Breadcrumb #247


Wanda June’s journey from the castle down to the planet was an emotionally calamitous one, to say the least. The air, though breathable, felt heavy around her and filled her lungs so quickly that it became much harder to regulate her heartbeat. Especially now, as she plummeted toward the surface, a place that had never seemed more than a flimsy concept to her.  

    During her many decades ruling over Windfall City, Wanda June had done little outside of her home. She was a complete and utter shut in, save for her yearly visit to the lavish amphitheater at the top of the East Tower. The poor East Tower. It was always Wanda June’s favorite, and despite the fact that it was the only one she’d ever step foot on, she felt justified in her opinion. And why shouldn’t she? The people of this city had once worshiped her as both their Queen and their God. She wasn’t used to being told that she was anything but right.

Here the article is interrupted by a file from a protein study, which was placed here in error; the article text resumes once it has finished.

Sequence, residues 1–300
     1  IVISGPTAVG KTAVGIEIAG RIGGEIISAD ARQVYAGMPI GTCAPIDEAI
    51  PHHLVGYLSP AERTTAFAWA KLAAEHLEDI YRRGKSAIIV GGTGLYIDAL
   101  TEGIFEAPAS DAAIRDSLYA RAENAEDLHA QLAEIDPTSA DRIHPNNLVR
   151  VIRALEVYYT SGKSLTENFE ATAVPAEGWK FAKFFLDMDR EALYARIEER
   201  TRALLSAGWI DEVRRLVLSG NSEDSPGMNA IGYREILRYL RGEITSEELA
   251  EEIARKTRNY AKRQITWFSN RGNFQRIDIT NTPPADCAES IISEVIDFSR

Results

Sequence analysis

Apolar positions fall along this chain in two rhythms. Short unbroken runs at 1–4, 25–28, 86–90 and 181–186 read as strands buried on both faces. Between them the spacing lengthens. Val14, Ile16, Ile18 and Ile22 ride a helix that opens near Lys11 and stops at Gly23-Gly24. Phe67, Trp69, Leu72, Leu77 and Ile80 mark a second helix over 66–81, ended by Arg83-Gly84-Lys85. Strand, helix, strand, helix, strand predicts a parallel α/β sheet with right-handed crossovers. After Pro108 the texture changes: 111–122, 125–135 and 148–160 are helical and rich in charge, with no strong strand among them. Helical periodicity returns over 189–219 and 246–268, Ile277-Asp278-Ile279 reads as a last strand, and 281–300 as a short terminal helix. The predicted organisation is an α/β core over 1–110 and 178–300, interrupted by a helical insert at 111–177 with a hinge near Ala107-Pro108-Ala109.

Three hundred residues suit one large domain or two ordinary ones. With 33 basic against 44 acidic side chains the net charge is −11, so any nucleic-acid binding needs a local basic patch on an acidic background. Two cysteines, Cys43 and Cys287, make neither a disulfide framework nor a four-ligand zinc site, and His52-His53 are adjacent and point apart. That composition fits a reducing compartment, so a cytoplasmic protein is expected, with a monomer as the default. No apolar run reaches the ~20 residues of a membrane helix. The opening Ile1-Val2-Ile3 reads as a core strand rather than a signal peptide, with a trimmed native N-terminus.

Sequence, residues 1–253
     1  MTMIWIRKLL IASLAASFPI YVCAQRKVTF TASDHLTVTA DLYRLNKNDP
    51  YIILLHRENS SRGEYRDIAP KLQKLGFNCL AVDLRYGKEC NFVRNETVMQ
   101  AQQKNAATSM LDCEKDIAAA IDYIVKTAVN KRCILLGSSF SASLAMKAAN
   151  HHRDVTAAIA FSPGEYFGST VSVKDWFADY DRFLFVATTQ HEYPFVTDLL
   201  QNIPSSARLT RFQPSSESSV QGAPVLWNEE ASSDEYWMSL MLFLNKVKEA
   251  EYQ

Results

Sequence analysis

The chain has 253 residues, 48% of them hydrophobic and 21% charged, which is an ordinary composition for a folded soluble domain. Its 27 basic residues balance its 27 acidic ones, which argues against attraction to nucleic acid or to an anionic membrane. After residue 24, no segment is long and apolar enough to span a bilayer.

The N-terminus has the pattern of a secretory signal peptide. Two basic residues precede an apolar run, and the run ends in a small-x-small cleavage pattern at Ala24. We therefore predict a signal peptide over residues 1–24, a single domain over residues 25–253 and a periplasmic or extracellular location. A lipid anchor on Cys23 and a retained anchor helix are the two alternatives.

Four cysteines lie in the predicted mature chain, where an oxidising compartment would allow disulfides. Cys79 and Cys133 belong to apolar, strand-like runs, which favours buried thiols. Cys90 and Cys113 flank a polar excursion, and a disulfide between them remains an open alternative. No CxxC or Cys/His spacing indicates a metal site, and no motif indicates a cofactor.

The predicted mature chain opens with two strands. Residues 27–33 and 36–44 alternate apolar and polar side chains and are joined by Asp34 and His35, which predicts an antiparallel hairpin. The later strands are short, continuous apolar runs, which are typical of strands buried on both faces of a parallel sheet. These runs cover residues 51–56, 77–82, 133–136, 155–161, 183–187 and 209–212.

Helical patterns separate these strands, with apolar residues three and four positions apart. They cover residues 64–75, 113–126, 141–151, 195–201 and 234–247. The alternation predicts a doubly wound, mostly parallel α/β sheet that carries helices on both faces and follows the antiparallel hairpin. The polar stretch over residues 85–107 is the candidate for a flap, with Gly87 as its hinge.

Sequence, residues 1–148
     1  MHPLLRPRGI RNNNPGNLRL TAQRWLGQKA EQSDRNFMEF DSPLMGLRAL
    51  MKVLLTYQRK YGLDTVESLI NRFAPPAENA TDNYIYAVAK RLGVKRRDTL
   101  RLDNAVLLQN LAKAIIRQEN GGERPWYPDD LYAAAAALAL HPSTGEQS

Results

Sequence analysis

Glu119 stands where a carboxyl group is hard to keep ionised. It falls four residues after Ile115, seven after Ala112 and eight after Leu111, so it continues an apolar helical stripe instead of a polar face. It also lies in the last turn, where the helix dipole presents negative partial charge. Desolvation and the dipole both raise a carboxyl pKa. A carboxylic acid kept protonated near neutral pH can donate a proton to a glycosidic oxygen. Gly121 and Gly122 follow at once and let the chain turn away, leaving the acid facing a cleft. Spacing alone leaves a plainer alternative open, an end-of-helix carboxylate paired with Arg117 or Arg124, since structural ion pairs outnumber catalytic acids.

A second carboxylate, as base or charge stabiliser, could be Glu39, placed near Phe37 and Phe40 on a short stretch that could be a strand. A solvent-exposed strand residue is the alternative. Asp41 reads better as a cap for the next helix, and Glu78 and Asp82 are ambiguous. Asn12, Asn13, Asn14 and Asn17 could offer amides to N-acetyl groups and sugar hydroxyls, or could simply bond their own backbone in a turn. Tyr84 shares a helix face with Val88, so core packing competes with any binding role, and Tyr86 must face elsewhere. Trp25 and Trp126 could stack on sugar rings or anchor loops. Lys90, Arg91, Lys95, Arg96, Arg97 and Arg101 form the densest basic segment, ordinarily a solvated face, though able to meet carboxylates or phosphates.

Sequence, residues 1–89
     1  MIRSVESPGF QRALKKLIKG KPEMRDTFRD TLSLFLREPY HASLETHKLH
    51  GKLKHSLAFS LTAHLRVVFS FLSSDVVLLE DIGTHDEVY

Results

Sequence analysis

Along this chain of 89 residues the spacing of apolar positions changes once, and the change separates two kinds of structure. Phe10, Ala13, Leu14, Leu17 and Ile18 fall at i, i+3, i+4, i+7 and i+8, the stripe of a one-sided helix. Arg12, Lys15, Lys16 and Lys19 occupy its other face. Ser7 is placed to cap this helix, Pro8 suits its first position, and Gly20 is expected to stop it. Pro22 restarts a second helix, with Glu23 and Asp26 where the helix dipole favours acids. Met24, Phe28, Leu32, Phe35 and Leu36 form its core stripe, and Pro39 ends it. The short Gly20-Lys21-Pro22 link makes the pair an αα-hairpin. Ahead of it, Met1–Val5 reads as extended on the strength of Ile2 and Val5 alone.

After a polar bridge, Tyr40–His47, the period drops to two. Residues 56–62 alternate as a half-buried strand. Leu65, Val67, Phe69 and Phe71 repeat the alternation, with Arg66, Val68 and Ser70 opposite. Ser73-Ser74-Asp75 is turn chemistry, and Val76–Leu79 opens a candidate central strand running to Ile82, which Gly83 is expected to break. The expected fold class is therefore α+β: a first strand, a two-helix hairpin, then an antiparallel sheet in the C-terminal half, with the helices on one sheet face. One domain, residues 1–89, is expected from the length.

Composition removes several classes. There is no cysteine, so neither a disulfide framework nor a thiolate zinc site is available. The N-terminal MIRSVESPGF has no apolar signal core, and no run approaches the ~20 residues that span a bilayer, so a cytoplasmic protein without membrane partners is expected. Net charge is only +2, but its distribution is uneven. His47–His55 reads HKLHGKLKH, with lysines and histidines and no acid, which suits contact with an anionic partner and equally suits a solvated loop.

That is until they showed up and ruined everything. Those other ones, with their vast warships, had reduced the East Tower to rubble, and for what? Just so that they could take control of her city and force its still-living inhabitants to rebuild once again? It was all so unfair. And the nasty things her people called her after it they’d shown up as if she was somehow responsible it all?  Despicable.

    She fell much slower than she had anticipated, though she assumed that was due in part to her environmental suit. In the instructional videos she’d watched exhaustively as a child, a descent was a much quicker affair. People like her would don one of these outfits, fly out from a hovering space ship, and collide with the surface of a planet at such a violent, exciting pace. Connecting with the ground from a great height had looked exhilarating, and she had forever longed to do so herself. But Tin-Man had warned that her fate outside the castle in the clouds remained uncertain. Had urged her to take solace in the locals’ reverence of her and remain within their shared, yes sometimes cramped quarters. A bubble in the shape of a floating fortress.